TRAINING METHOD TO IMPROVE THE GENERAL MOTOR ABILITY
A second issue is related to the lack of information about the training method(s) that should be used during the proposed sensitive periods. In the LTAD model resource papers (5,14), it is, for example, unclear whether (sprinting) speed during the proposed sensitive periods should be trained using specific sprint training, plyometric training, or resistance training, while their effectiveness likely differs. The effectiveness of the method will determine whether larger adaptations can be induced during the sensitive period. A review by Rumpf et al. (58), for example, found plyometric training to be most effective at improving sprinting speed in children, whereas a combination of plyometric, resistance, and sprint training was most effective in adolescents. More recent studies report similar findings (34,49). Interestingly, a study among youth soccer players found that sprint training was slightly less effective at improving sprint and change-of-direction performance during PHV (i.e., the period that coincides with 1 of the 2 sensitive periods to train speed in the LTAD model) compared with pre-PHV (39). In the resource papers, it is also unclear which method(s) should be used to train endurance during the proposed sensitive period, although the LTAD book suggests to use long slow aerobic intervals and fartlek training to improve aerobic capacity when growth accelerates during puberty and aerobic power training when growth decelerates for most late specialization sports (6). It has been suggested that the stress induced by low-intensity training is small compared to the stress induced by the high natural activity of children, thereby making low-intensity programs less effective (11). Furthermore, physiological mechanisms such as a greater reliance on aerobic metabolism in children result in less fatigue and a faster recovery after bouts of exercise compared to untrained adult individuals (52). It has therefore been suggested that children need to exercise at a higher intensity (>85% of their maximum heart rate) and with shorter breaks to elicit the same adaptations as adolescents and adults (1,7). In support of this, Armstrong and Barker (1) found in their review that the increase in V̇o2max was approximately equal in children younger than 11 years and older than 11 years (7.7 versus 8.6%, respectively) when they only included studies that applied a training stimulus which resulted in an increased V̇o2max.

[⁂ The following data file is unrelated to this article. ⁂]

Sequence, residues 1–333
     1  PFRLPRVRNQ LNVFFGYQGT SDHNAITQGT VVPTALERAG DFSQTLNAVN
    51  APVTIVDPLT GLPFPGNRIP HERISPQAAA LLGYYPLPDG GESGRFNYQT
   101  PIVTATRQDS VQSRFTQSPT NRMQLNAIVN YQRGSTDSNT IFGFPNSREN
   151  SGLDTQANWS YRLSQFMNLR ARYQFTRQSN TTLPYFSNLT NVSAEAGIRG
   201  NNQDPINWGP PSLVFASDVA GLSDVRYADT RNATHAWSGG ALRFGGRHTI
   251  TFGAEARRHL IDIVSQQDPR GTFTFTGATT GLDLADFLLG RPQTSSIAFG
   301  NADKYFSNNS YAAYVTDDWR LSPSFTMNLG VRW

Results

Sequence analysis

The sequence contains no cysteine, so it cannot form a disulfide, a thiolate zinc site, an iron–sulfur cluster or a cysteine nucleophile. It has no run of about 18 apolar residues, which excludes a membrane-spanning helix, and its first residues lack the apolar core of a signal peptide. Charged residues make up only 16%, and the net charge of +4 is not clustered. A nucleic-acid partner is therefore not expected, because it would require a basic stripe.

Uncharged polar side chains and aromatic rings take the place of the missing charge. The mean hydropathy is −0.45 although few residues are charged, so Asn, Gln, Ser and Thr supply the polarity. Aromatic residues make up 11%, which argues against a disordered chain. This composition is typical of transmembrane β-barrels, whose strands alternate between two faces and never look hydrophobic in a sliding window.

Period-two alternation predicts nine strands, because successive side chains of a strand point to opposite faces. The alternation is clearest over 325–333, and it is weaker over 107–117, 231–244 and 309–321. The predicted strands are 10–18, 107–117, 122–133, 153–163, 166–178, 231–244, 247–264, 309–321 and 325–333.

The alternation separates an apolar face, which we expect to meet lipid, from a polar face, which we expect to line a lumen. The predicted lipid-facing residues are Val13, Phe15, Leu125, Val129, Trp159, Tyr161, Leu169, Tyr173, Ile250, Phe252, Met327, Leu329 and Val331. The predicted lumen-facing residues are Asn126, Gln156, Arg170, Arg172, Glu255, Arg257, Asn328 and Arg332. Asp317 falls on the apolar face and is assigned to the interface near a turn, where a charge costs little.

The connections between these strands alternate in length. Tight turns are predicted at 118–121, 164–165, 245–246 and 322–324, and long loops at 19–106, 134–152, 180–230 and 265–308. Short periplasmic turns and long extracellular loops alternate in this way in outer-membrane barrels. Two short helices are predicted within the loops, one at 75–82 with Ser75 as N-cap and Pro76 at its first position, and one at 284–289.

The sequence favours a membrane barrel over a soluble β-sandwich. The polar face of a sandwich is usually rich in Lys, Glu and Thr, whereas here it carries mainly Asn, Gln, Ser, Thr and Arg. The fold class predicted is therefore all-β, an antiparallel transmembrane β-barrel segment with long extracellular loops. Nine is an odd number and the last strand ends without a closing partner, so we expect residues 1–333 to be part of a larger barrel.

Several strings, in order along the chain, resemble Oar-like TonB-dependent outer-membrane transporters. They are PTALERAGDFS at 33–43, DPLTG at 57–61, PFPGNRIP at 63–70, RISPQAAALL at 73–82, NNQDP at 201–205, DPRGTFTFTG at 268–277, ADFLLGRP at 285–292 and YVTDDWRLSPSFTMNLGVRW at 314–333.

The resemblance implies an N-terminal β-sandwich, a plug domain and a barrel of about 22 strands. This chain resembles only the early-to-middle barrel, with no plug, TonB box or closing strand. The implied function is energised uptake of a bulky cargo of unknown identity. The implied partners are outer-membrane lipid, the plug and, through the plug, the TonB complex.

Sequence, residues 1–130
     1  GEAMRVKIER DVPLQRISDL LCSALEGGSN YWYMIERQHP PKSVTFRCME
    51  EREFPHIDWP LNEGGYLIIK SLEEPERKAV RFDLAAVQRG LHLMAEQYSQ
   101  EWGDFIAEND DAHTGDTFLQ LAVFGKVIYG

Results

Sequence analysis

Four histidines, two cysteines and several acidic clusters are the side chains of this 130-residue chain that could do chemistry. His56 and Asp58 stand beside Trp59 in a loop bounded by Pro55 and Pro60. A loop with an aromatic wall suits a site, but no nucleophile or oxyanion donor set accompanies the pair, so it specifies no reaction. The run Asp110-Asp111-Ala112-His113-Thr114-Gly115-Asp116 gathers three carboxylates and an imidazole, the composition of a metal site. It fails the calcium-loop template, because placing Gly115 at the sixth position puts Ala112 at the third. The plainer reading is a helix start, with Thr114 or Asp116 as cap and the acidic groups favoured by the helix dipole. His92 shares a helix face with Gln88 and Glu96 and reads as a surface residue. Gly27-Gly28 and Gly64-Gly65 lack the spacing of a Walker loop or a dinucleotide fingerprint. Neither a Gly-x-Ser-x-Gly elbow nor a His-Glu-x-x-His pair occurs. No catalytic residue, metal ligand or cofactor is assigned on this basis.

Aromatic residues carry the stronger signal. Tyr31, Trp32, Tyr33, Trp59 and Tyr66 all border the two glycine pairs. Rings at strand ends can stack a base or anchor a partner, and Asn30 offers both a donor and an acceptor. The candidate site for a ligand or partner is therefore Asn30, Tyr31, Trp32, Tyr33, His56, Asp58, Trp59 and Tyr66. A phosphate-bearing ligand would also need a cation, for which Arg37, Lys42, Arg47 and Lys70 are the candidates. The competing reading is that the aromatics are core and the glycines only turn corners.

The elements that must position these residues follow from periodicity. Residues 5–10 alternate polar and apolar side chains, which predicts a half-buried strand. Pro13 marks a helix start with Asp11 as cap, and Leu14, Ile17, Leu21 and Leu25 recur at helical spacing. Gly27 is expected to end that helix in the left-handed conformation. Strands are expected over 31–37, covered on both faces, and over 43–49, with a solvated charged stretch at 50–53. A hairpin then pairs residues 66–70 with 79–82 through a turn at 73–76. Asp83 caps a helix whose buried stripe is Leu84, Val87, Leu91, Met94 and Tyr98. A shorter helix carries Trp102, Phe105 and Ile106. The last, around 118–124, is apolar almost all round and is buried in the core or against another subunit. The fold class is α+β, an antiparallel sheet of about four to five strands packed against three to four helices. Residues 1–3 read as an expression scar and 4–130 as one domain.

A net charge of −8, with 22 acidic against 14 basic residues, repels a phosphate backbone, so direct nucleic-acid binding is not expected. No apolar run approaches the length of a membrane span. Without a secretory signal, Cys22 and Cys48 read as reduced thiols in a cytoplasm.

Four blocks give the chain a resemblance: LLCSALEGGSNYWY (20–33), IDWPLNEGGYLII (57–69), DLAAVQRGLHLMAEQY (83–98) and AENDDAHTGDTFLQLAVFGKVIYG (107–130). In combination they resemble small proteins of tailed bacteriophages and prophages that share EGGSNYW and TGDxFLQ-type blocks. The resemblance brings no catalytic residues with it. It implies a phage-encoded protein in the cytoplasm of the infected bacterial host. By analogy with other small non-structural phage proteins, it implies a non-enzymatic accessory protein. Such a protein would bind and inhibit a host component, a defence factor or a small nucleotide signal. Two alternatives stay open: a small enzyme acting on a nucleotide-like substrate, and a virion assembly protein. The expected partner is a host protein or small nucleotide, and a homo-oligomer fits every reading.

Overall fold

Overall, these studies suggest that certain motor skills or derived general motor abilities may only be extrasensitive to certain training methods and not to all methods that can potentially be used to train the motor skill or derived general motor ability. This is in line with findings in animal studies where neural circuits are only sensitive to selected experiences (27). Information on the training method that should be used is usually not provided in the models, which implies that there is a sensitive period for the general motor ability irrespective of the training method used. Because studies have shown that the effectiveness of training can differ between training methods, this further questions the validity of the proposed generic sensitive periods.
CHARACTERISTICS OF THE TRAINING METHOD DURING THE SENSITIVE PERIODS